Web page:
Free Live Free by Gene Wolfe science fiction book reviewsFree Live Free by Gene Wolfe science fiction book reviewsFree Live Free by Gene Wolfe

First of all, let me lay a few cards on the table: Gene Wolfe is my favorite science-fiction author and might be my favorite author, period. I’d give something like fifteen of his books five-star reviews; the only other author who comes close to that is Jack Vance.

Free Live Free (1984) is one of his two books that I just. Don’t. Get. (Castleview is the other.) I’ve read it at least three times, I’ve puzzled over the explanatory synopsis of one character’s actions at the end (I believe the publisher insisted on its inclusion), I’ve read a couple of essays commenting on it, and I still have no clear idea how most of the story connects to what happens at the end. In that sense this story is actually a spiritual cousin to anime like Neon Genesis Evangelion and Wolf’s Rain — how the climax relates to the building action, and even exactly what happens at the climax, is not easy to understand, even on a re-reading. So, this is likely to be a pretty frustrating book, and it’s just as well to go into it prepared for that.

On the other hand, a lot of what happens along the way is quite interesting in its own right. The protagonists have been invited by the mysterious Ben Free to live in his Chicago home rent-free — hence the title — on the condition that they help him prevent the city fathers from tearing the house down. The four tenants who take him up on the offer are under significant-to-severe financial stress, which Gene Wolfe depicts with impressive attention to detail and to great emotional effect. (You may never be so relieved to see somebody successfully sell a buck-fifty’s worth of toys.) The tenants are an odd lot — Jim, a private eye; Ozzie, a traveling salesman; Candy, a torch singer and part-time prostitute; and Madame Serpentina, a self-proclaimed witch who believes Ben Free is actually a wizard. Free claims nothing of the sort, but he is mysterious and he does mention to all his new “renters” that there’s something extremely valuable — a “gizmo” — in the house that he can’t find, and he needs to delay the house’s demolition until he does.

So, our heroes (?) set out to prevent the house’s demolition, and make enough money to get by, and find Ben Free’s “gizmo” — and pretty soon things start to get really, really strange. (The reader may feel it appropriate, for more than one reason, that much of the later action takes place in a lunatic asylum.)

The story has deliberate echoes of The Wizard of Oz (for example, in addition to our witch and wizard, the five main characters include a Tik-Tok, a Cowardly Lion, and…maaaaaybe a Dorothy?) at several points. I have felt each time I’ve read the story that knowing this should help me figure out what’s going on, but it hasn’t really.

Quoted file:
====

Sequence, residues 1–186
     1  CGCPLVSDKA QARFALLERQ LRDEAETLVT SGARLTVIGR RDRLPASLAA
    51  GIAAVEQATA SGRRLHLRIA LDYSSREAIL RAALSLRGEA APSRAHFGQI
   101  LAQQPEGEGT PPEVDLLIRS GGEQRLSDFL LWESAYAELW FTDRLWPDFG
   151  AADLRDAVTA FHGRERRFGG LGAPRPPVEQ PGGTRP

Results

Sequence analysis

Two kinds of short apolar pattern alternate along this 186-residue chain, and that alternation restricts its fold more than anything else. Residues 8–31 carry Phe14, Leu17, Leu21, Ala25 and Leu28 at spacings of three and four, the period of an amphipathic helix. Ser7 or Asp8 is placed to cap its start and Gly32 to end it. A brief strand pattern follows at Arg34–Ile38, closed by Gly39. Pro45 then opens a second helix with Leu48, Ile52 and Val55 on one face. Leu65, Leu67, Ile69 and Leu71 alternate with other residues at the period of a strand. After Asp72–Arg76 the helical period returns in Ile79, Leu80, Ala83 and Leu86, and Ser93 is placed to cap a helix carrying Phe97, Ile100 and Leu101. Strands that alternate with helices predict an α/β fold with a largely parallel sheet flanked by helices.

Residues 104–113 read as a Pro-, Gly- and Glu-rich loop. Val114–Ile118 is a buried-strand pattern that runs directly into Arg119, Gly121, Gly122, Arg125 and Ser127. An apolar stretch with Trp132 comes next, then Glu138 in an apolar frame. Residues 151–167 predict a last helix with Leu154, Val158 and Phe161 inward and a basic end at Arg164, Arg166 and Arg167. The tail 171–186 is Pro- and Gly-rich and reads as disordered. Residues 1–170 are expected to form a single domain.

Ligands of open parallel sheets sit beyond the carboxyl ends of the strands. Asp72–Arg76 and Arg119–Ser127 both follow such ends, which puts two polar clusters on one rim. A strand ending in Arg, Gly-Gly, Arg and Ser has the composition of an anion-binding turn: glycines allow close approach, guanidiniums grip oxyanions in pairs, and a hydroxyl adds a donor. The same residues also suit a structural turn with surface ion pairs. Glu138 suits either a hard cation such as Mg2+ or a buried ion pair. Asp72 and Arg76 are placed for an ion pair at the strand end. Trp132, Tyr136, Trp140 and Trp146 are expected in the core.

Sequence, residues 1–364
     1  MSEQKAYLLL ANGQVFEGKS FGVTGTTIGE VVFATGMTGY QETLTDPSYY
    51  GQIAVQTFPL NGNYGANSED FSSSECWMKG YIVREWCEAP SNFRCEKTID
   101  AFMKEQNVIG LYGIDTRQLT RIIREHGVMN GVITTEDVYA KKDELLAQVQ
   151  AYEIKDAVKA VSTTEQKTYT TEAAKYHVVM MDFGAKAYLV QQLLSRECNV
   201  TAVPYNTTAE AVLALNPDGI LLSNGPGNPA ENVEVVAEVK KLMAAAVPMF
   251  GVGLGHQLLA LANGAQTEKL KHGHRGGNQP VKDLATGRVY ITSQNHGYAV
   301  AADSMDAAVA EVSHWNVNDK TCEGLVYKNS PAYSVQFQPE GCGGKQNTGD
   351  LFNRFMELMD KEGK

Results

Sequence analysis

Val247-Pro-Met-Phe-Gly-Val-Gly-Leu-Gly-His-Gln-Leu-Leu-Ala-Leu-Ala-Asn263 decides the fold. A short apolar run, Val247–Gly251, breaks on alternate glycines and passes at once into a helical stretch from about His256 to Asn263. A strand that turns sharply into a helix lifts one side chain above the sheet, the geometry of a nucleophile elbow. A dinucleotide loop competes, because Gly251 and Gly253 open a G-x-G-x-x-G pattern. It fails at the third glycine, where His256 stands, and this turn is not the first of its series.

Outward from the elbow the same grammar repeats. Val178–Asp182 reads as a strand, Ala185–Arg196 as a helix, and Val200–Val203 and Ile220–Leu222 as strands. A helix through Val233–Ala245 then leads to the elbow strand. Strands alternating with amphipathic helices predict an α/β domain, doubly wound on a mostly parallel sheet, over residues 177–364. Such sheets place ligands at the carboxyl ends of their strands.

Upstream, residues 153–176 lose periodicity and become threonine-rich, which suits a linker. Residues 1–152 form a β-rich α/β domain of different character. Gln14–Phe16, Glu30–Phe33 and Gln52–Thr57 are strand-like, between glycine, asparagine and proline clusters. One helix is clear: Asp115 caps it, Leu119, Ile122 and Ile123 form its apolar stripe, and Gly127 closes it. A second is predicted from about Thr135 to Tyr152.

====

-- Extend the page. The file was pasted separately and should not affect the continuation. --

If you’re not quite sure what the take-home is, well, neither am I. If you like Gene Wolfe, you should give Free Live Free a try. If you don’t like Gene Wolfe, you will almost certainly not like this. If you have never read anything by Gene Wolfe, please don’t start here — I’d recommend The Wizard Knight, or a book of his short stories.

Published in 1984. “Free Live Free,” said the newspaper ad, and the out-of-work detective Jim Stubb, the occultist Madame Serpentina, the salesman Ozzie Barnes, and the overweight prostitute Candy Garth are brought together to live for a time in Free’s old house, a house scheduled for demolition to make way for a highway. Free drops mysterious hints of his exile from his homeland, and of the lost key to his return. And so when demolition occurs and Free disappears, the four make a pact to continue the search, which ultimately takes them far beyond their wildest dreams. This is character-driven science fiction at its best by a writer whom, at the time of its first publication, the Chicago Sun-Times called “science fiction’s best genuine novelist.”


  • Nathan Okerlund

    Unbeknownst to all, including himself, NATHAN OKERLUND has been preparing for the role of "reviewer of fantasy novels" since he first read Watership Down thirty-odd years ago. He is especially fond of Gene Wolfe, Jack Vance, Steven Brust, Neil Gaiman, and books that have to be read twice to be understood at all, but will happily read anything which does not actually attempt to escape the nightstand. When not occupied with the fantastic he takes brains apart to see how they work, as a postdoctoral fellow studying neurodegeneration, and supports his wife and daughter in their daily heroics.

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